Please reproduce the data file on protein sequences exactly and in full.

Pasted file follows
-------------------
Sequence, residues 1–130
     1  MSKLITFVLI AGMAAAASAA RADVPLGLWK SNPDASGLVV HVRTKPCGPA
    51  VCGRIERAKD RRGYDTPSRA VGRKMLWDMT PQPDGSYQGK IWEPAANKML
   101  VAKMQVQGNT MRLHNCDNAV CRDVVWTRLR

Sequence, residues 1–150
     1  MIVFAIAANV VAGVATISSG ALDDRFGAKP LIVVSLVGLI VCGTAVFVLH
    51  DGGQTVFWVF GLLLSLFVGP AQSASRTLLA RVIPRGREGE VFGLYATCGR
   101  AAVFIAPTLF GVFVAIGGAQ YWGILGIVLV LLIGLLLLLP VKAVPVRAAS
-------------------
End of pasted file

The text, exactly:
Sequence, residues 1–130
     1  MSKLITFVLI AGMAAAASAA RADVPLGLWK SNPDASGLVV HVRTKPCGPA
    51  VCGRIERAKD RRGYDTPSRA VGRKMLWDMT PQPDGSYQGK IWEPAANKML
   101  VAKMQVQGNT MRLHNCDNAV CRDVVWTRLR

Sequence, residues 1–150
     1  MIVFAIAANV VAGVATISSG ALDDRFGAKP LIVVSLVGLI VCGTAVFVLH
    51  DGGQTVFWVF GLLLSLFVGP AQSASRTLLA RVIPRGREGE VFGLYATCGR
   101  AAVFIAPTLF GVFVAIGGAQ YWGILGIVLV LLIGLLLLLP VKAVPVRAAS